A fucking bludgeoning blast of classic industrial noise rock from British band Skullflower, their 1990 album Xaman has long been one of the most elusive of all of the band's early releases, sought after by collectors for years and hard to find due to the fact that the original pressing of the album (which came out on Shock Records) were stricken with a case of something called "disc rot", a pressing defect that caused many (and possibly all) of the CDs to deteriorate and be rendered largely unplayable. Some seemed to think that the album would disappear completely, thinking that the original master has also been lost in the decades that followed, but lo and behold, Xaman has indeed been resurrected as part of this new reissue series, now newly re-mastered, and it's definitely one of the heaviest of all of these early Skullflower discs. At this point in their career, Skullflower had evolved into something not too far removed from their pals in Godflesh, a kind of sludgy, noise-drenched hypno-rock that would often be underscored by crushing distorted bass guitar and pummeling, trance inducing drumming, and you can hear how this stuff would have been at least a minor influence on the sort of sprawling apocalyptic heaviness that Neurosis would develop into later on in the following decade. Xaman would also prove to be the last Skullflower album to feature the lineup of Matthew Bower, Alex Binnie (Pure / Zos Kia), Stuart Dennison (Ramleh) and Shock Records boss Stefan Jaworzyn (Ascension / Whitehouse / Shock Xpress).
Opening with the shambling effects-drenched horror of "Slaves", Xaman gets really heavy really quickly, dropping this lurching two-chord noise rock dirge down a shaft into a pit of shrieking feedback and extreme stompbox overload, a monstrous droning riff plowing through the bands oppressive fog of malfunctioning amplifers and wailing delay-soaked leads. Classic hypno-sludgery, producing an utterly wrecked trance-state of gluey bass-heavy dirge and squalls of zonked-out guitar noise. Listening to this, you can hear where Brainbombs could very well have taken a big chunk of their sound from. The following song "Sunset" erupts into a Technicolor vomit blast of demented space rock guitar-fug and burnt psychedelic tones, a short but gorgeous piece of extreme lysergic psychedelia. The title track returns to that lumbering monotonous heaviness and fucked-up guitar skronk, Skullflower founder Matt Bower howling somewhere way off in the background, his tuneless yowl drifting crazily through the dense rumbling mass of improv fret-board scrape and churning concrete-mixer bass. Weirdly crushing and industrial-tinged, the song slips off into long stretches of aimless amp noise and creepy effects shimmering through the air like dark wraiths. Gary from Ramleh contributes his own primal howl to "What Did You Expect?", a more free-from blat of drugged-out heaviness that sort of resembles one of Hawkwind's more experimental, improvisational jams, but it's shot through with a ton of dark, abrasive noise, like a spaced out industrialized free-jazz meltdown draped in grinding, heavily distorted guitars. Stuart Dennison handles the vocals on "The Shit Hits The Fan", and this might be the album's heaviest song, a pounding industro-dirge and another one of those old Skullflower songs that could actually pass for something from early era Godflesh, if that band had been prone to absolutely skull-destroying levels of cyclonic guitar noise and wah-overloaded psych shred. A single pounding monotonous riff and almost mechanical drumbeat cuts a brutal swathe through the band's maelstrom of crazed layered vocals and atonal guitar noise, the "riffs" screeching and skronking like stray fragments from a Sonny Sharrock session, erupting into some of the nastiest freeform shred ever. The last two tracks are just as warped, "Barbed Wire Animal" featuring another crushing droning groove cut through the sprawl of wild guitar noise and effects, and then it ends with the monstrous, nearly half hour long "Wave",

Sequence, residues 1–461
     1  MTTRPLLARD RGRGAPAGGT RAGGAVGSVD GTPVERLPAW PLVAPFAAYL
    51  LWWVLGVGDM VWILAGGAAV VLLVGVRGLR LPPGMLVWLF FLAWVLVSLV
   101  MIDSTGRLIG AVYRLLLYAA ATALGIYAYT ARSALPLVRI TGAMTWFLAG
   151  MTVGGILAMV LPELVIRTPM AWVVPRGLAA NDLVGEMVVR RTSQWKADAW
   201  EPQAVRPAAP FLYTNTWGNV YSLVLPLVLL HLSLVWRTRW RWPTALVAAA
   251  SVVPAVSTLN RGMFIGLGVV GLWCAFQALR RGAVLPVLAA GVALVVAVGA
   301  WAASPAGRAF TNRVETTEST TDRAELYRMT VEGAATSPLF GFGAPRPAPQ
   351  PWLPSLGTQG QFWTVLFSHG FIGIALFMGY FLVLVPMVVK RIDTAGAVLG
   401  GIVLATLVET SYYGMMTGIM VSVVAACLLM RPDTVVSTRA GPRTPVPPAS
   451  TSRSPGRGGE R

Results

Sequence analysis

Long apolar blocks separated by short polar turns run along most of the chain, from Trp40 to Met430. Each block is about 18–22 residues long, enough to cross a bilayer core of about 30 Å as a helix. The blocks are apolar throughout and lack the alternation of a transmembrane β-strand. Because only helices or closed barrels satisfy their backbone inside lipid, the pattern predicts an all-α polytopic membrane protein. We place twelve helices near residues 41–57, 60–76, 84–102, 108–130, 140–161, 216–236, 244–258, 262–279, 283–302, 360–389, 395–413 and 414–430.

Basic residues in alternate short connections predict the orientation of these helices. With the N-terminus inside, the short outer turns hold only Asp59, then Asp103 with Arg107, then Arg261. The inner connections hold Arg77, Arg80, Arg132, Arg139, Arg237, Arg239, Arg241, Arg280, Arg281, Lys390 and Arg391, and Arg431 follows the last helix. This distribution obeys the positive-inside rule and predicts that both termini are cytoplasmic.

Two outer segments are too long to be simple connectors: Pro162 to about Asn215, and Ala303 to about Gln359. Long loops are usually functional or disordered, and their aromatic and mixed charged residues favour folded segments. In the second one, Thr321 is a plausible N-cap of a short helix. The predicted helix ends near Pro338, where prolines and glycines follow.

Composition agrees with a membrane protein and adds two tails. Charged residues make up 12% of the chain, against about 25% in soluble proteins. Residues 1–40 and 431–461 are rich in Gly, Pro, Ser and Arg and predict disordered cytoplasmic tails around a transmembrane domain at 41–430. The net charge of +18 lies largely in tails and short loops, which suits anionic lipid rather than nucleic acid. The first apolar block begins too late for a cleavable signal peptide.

featuring a guest appearance from Pure/Zos Kia member Alex Binnie on bass guitar, another massive lumbering psych-dirge , a sprawling dronerock workout that gets blasted with some seriously scorching wah-wah abuse and flesh-blackening feedback.
As with the other Skullflower reissues in Shock's Kino series, this disc comes in a glossy, four-panel digi-sleeve that features new album artwork taken from Matt Bower's archives, the disc housed in a printed inner-sleeve, and also includes a glossy booklet that reproduces the original album cover art and features liner notes written by the band along with a smattering of vintage record reviews and old interviews. Essential.